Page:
Hawthorne's Charitable Hill
Recognizing Nathaniel Hawthorne’s daughter Rose and the home for terminally ill patients she founded in one of the county’s lesser-known hamlets.
Illustration by Brian Taylor
For all the times I’ve driven north on the Saw Mill River Parkway, seeing the large, green highway signs announcing the hamlet of Hawthorne, I never knew it was named for one of our country’s most cherished writers, Nathaniel Hawthorne. Some have thought it was named for his daughter Rose Hawthorne Lathrop, who in 1901 founded Rosary Hill Home, a home for incurable cancer patients that sits on top of the hill at 600 Linda Avenue. When it was proposed that Sherman Park, as it was known then, be renamed Hawthorne to honor Rose, she said no, that if it were to be named Hawthorne at all, it should be in memory of her beloved father.
The home (Rose emphasized it would always be a home, not a nursing facility or hospice) is owned and operated by the Catholic order of the Dominican Sisters of Hawthorne, also founded by Rose after her husband, George Lathrop, died.
I learned this when my mother came to White Plains for a Christmas visit some years ago and was suddenly diagnosed with terminal lung cancer. I was stunned and unprepared as to what to do next. All I knew was that it was impossible for her to return to her home in Maryland. She would stay with me.
During that bleak winter, a neighbor suggested I look into Rosary Hill Home, in case, at some point, I could no longer care for my mother. I had never heard of it or of Rose.
My mother deteriorated quickly, faster than the doctor had predicted, but my family and I were holding our own. Still, I was curious about this home on the hill, so one day, I drove to Hawthorne to have a look. I made my way up Linda Avenue, to be rewarded at the top with the sight of a sprawling California-mission-style home, reached by an approach of expansive lawn and numerous trees.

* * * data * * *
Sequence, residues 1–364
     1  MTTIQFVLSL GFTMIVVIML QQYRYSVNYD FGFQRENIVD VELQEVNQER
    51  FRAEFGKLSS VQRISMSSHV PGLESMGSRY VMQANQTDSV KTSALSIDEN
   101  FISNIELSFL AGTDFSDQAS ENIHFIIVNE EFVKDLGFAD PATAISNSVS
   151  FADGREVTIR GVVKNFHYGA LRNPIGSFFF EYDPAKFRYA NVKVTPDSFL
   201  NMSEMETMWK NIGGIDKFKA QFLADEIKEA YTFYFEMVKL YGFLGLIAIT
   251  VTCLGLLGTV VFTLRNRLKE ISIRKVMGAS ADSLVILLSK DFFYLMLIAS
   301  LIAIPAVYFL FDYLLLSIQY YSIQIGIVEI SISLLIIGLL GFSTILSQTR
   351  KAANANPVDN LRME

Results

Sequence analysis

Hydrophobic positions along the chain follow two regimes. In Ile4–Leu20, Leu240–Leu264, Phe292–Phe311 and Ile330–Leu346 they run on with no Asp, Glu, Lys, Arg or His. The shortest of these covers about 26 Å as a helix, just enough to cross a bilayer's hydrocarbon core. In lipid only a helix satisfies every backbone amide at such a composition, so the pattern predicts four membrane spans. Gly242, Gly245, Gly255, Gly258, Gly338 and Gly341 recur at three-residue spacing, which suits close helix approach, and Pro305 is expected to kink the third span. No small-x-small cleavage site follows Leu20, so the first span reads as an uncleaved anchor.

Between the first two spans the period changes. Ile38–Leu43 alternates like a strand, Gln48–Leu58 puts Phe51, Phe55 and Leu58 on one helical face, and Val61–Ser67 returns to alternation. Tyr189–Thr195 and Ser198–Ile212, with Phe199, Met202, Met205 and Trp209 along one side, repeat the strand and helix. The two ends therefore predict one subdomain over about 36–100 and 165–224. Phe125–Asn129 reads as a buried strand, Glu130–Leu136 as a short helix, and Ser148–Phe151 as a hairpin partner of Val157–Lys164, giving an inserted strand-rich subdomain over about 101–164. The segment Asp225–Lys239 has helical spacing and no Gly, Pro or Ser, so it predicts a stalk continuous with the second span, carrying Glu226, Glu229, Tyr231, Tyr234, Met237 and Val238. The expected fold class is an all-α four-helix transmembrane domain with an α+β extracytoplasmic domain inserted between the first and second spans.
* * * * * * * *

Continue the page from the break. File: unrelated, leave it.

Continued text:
In Rose’s day, it was believed that cancer was contagious, not unlike the AIDS epidemic of the 1980s. If you were lucky enough to have means and a loving family —like Rose’s friend, the poet Emma Lazarus, who died of cancer in 1887 at age 38, surrounded by her family — you could remain at home. If not, family and friends often rejected the cancer patient, to be rounded up by city officials and deposited at Blackwell’s Island to suffer a miserable death.
Rose never thought cancer was contagious, and before moving to Hawthorne, she cared for the incurable cancerous poor in tenement houses on the Lower East Side of Manhattan. One can only imagine what that must have been like. Cramped quarters, alternating stifling and frigid temperatures, airless rooms, and danger and crime on the streets below.
Of course, these accommodations were grossly inadequate, so when Rose heard of a property — 60 rooms on nine acres in Hawthorne — she jumped at it, and she and a couple of brave helpers moved patients to Hawthorne. The salubrious air, the vegetable gardens, and fruit trees were its own medicine.
My mother never made it to Rosary Hill — but I always knew it stood there on that hill, waiting for us.
Kathleen Maria is a White Plains resident and freelance writer who has taught composition at Manhattanville College and Pace University.